- Functionality: Resin is usually used for temporary dental concerns but it could be used as a permanent solution as well. They are mostly placed during the period when the patient is waiting for their final crown to arrive. They serve as filler crowns to save the tooth from any damage during this time. When they are placed permanently, dentists usually use them to protect the tooth after restorative dental procedures such as root canals.
Advantages of composite crowns
- Low price
- Easily accessible
- Single-day procedure
- Easy to modify or replace
- Conservative procedure
Disadvantages of composite crowns
- Not that strong
- They stain or chip easily
- Risk of mercury toxicity that could affect lungs and kidney
How long do crowns last?
When you think “How long do crowns last?” you should know it depends on the materials they are made of. The longevity of crowns depends on the material you choose. Most crowns can last for about 15 to 20 years including porcelain, metals, and zirconia. Other materials such as composite resin and acrylics do not last very long and are mostly used as temporary crowns.
What are temporary crowns?
Crowns are not temporary and are expected to last for 15 years. It is possible that while your permanent crowns are being prepared, your dentist provides you with some temporary crowns. Temporary crowns are necessary during the waiting period so you can eat without any complications.
How to choose the right type of dental crowns?
Depending on whether you need a dental crown for your dental health or aesthetic purposes, there are certain factors to keep in mind. For instance, if what you need is a natural appearance, three main factors may influence this decision:
Budgeting your dental treatment is one of the most important aspects. When choosing a suitable dental crown, always keep the cost in mind. Once you set a budget for yourself, you can narrow down your choices. Our article on the cost of dental crowns is a must-read when making a decision!
The strength of a dental crown is also a crucial factor. Crowns with lower strength do not last a long time and go through chips and breakage. It is important to choose a crown that is resistant to chipping and damage.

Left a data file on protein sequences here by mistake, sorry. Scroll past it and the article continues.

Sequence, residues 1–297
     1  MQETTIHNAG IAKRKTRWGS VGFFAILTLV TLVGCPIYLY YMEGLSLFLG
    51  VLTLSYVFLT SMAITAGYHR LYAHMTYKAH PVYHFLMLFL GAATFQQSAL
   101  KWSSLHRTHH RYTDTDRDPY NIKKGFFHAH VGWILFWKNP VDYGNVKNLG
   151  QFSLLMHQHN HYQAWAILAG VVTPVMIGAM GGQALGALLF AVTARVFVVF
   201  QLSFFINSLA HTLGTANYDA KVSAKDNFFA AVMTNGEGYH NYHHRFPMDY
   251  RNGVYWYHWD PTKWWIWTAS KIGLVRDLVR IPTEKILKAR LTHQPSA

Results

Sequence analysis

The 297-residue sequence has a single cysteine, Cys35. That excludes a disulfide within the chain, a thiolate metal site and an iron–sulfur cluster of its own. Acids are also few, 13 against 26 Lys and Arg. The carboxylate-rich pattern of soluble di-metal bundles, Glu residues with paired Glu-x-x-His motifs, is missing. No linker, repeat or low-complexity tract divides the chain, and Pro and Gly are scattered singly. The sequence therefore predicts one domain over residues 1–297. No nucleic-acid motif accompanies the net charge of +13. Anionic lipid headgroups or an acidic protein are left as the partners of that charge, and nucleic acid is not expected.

Nobody likes to go back to the dentist again and again for crown complications. This is why it is important to choose a type of dental crown that can last you a long time without problems. It is better to choose something more durable even if the price is slightly higher.
Why do some crowns look fake?
A common concern among people is why some crowns look fake. Most crowns look fake because of poor quality and lack of skill. Crowns look fake when they do not reflect light and/or do not match the rest of the teeth.
Cheap quality crowns made of acrylics tend to look fake and are easy to spot when a person smiles. It is also crucial that you choose a qualified dentist with modern facilities. A lot of times, poor skill also shows along with manufacturing errors. Thus, it is best to do your research before getting crowns.
How to choose an ideal treatment plan for crowns?
Moreover, there are some other points that your dentist must consider when choosing your ideal treatment plan. For instance, if you need an aesthetic appearance and a natural smile, your needs are different from someone else who needs their teeth repaired.
During this process, your dentist takes into consideration various items: When selecting the material for your crown, your dentist will consider factors such as:
- Color of the adjacent teeth
- The location of your tooth
- The function of your tooth (incisors, canines, premolars, molars)
- The proportion of your tooth that is seen when smiling
- The position of your gum tissue
- How much of your natural tooth should remain
More importantly, your dentist will listen to your preference, and then together, you will make a decision.
What should I tell my dentist before choosing the crowns?
We get to hear this one a lot! What should I tell my dentist before choosing the crowns? Well, it’s not that complicated, all you have to do is to share your priorities with the dentist. It is important to be on the same page so there are no issues later on. First, you must determine along with your dentist if you need crowns for aesthetic reasons or general oral health. Here are the top five factors to discuss with your dentist before choosing the crowns:
- Your current oral health situation
- What is your budget
- What material suits your oral health and budget
- Your aesthetic needs if any
- If you suffer from bruxism (perpetual teeth grinding)
What are onlay crowns and 3/4 crowns?
A full crown is usually needed when the entire tooth is decayed and a considerable amount needs to be removed for placing the crown. On the contrary, dental onlays are partial crowns that are needed when the cavity has affected a slight portion of the tooth.
Similarly, 3/4 crowns also refer to crowns placed on the 3/4 area of your tooth. Dentists usually thoroughly examine your molars and premolars to determine the size of the crown needed.